If do not use a great number of sources in your research, it is better for you to opt for LIST OF NOTES. You should start this list from the new page immediately after the conclusion. Bibliographic description of sources cited is given in the order they first appear in the text. This part of the text where the citation is mentioned must contain a numbered quotation. You state only those publications you quote. The current numbers of these descriptions in the list are the numbered text quotations (See section 3.2 below). If your research covers a substantial number of sources, it may make sense to make up a BIBLIOGRAPHY. In this case, the list of both books and articles together is compiled in alphabetical order. You make the order on the basis of the surname of the (first) author or the first word in the title (excluding articles) if a book or article has no author. The description of the source should be given in its original language; you do not have to translate the title of a book. If you thesis is written in English, the English sources should go first, then the books in Russian or Ukrainian follow also in alphabetical order. Russian and Ukrainian sources should be described according to the current Ukrainian bibliography standards. Reference books such as dictionaries and encyclopaedia are not usually included into Bibliography. The main difficulty you may face when you opt for Bibliography is quoting: it is advisable to mark or number your quotations only after you have completed the Bibliography list. Unlike LIST OF NOTES, the alphabetical character of BIBLIOGRAPHY may determine the number of the first quotation in your thesis to be  according to the number of the source in the list.(See section 3.2). Bibliographic description of the sources is stipulated by the Modern Language Association Format which is a commonly accepted style for humanities. ["Using ..."] MLA Format - Basic Rules Authors' names are inverted (last name first); if a work has more than one author, invert only the first author's name, follow it with a comma, then continue listing the rest of the authors. If you have cited more than one work by a particular author, order them alphabetically by title, and use three hyphens in place of the author's name for every entry after the first. When an author appears both as the sole author of a text and as the first author of a group, list solo-author entries first. If no author is given for a particular work, alphabetize by the title of the piece and use a shortened version of the title for parenthetical citations. The first line of each entry in your list should be flush left. Subsequent lines should be indented one-half inch. This is known as a hanging indent.
All references should be double-spaced. Capitalize each word in the titles of articles, books, etc. This rule does not apply to articles, short prepositions, or conjunctions unless one is the first word of the title or subtitle. Underline or italicize titles of books, journals, magazines, newspapers, and films. Basic Forms for Sources in Print A book Author(s). Title of Book. Place of Publication: Publisher, Year of Publication. Examples: Book with one author Frye, Northrop. Anatomy of Criticism: Four Essays. Princeton: Princeton UP, 1957. Two books by the same author (After the first listing of the author's name, use three hyphens and a period for the author's name. List books alphabetically.) Basila, Martin. Commercial Uses of Communication: Today's Evolving Marketplace. New York: Dutton, 1997, - - -. Media Advertising for the Masses. Philadelphia: Merton, 1995. Book with more than one author Gesell, Arnold, and Frances L. Ing. Child Development: An Introduction to the Study of Human Growth. New York: Macmillan, 1960. N.B. If there are more than three authors, you may list only the first author followed by the phrase et al. (the abbreviation for the Latin phrase "and others") in place of the other authors' names, or you may list all the authors in the order in which their names appear on the title page. Book with a corporate author American Allergy Association. Allergies in Children. New York: Random, 1998. Book or article with no author named Encyclopedia of Photography. New York: Crown, 1984.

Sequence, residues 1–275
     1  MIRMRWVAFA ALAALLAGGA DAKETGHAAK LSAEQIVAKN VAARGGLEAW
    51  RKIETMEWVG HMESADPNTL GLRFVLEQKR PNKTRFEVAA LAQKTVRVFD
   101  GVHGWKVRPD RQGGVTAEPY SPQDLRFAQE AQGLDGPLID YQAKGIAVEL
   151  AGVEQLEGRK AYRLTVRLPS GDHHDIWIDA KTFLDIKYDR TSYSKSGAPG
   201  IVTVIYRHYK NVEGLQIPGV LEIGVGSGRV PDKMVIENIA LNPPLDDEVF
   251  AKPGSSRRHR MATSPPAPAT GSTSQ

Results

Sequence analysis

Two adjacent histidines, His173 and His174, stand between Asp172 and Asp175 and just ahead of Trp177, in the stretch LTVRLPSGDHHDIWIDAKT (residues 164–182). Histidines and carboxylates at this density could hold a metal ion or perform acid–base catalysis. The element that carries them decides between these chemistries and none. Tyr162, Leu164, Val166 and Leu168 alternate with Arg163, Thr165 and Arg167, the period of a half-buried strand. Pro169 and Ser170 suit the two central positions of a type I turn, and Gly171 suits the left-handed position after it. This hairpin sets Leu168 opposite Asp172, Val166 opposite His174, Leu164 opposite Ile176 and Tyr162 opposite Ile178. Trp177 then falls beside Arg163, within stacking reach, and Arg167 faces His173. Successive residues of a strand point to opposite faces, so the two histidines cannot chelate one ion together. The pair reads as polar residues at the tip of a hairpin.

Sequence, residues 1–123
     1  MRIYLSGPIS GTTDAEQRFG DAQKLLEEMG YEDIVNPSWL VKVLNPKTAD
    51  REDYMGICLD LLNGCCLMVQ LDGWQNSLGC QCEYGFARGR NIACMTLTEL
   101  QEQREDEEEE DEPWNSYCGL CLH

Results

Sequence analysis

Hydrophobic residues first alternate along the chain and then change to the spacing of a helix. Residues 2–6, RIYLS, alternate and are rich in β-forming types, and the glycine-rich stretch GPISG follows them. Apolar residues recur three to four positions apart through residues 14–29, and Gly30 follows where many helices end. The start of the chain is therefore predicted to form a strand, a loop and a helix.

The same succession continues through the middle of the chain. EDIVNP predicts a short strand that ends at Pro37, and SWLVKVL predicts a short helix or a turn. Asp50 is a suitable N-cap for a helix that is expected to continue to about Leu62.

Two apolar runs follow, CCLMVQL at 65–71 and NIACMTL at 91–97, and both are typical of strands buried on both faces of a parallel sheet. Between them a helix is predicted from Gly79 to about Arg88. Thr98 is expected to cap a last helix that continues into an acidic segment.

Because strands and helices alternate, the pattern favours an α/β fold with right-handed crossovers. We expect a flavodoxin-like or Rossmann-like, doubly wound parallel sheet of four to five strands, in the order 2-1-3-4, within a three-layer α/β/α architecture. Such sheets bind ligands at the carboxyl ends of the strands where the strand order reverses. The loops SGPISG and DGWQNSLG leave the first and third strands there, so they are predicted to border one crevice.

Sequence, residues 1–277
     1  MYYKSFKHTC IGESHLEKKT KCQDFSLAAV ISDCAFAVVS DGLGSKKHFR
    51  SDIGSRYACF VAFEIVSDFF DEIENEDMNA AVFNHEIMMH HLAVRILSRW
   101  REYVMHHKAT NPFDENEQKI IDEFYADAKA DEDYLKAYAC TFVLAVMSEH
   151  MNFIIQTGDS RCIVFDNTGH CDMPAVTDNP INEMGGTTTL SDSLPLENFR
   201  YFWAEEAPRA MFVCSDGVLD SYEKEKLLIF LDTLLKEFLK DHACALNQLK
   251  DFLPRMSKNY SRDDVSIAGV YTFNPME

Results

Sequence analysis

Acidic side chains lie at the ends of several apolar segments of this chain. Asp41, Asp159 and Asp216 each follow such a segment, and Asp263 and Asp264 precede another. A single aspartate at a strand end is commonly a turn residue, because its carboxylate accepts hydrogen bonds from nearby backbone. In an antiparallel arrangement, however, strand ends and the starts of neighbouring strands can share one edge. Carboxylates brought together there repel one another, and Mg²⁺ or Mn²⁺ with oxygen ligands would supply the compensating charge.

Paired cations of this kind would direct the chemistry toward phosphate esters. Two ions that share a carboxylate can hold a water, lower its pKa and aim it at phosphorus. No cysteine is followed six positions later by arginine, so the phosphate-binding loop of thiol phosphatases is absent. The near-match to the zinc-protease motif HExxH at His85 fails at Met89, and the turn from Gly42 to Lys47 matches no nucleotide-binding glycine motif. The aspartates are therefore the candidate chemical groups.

Anthology or collection Rueschemeyer, Marilyn, ed. Women in the Politics of Postcommunist Eastern Europe. Armonk: Sharpe 1994. A part of a book (such as an essay in a collection) Author(s). "Title of Article." Title of Collection. Ed. Editor's Name(s). Place of Publication: Publisher, Year. Pages. Example: Essay in a collection Krutch, Joseph Wood. "What the Year 2000 Won't Be Like." Finding a Voice. Ed. Jim W. Corder. Glenview: Scott Foresman, 1973. 21-36. Cross-referencing: If you cite more than one essay from the same edited collection, you should cross-reference within your works cited list in order to avoid writing out the publishing information for each separate essay. To do so, include a separate entry for the entire collection listed by the editor's name. For individual essays from that collection, simply list the author's name, the title of the essay, the editor's last name, and the page numbers. For example: Asante, Molefi Kete. "What is Afrocentrism?" Atwan and Roberts 1117. Atwan, Robert and Jon Roberts, eds. Left, Right, and Center: Voices from Across the Political Spectrum. Boston: Bedford, 1996. Bennett, William J. "Revolt Against God: America's Spiritual Despair." Atwan and Roberts 559-71.